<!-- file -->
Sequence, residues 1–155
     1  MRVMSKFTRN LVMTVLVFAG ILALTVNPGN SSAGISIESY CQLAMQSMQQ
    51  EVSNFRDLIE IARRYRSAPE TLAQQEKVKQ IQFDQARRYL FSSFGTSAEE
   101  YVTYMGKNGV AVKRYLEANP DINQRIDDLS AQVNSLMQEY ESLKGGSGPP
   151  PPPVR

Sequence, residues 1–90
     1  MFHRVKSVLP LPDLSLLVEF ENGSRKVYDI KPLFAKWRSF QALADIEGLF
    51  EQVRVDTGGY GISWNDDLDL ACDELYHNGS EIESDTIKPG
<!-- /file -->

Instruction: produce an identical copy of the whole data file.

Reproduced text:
Sequence, residues 1–155
     1  MRVMSKFTRN LVMTVLVFAG ILALTVNPGN SSAGISIESY CQLAMQSMQQ
    51  EVSNFRDLIE IARRYRSAPE TLAQQEKVKQ IQFDQARRYL FSSFGTSAEE
   101  YVTYMGKNGV AVKRYLEANP DINQRIDDLS AQVNSLMQEY ESLKGGSGPP
   151  PPPVR

Sequence, residues 1–90
     1  MFHRVKSVLP LPDLSLLVEF ENGSRKVYDI KPLFAKWRSF QALADIEGLF
    51  EQVRVDTGGY GISWNDDLDL ACDELYHNGS EIESDTIKPG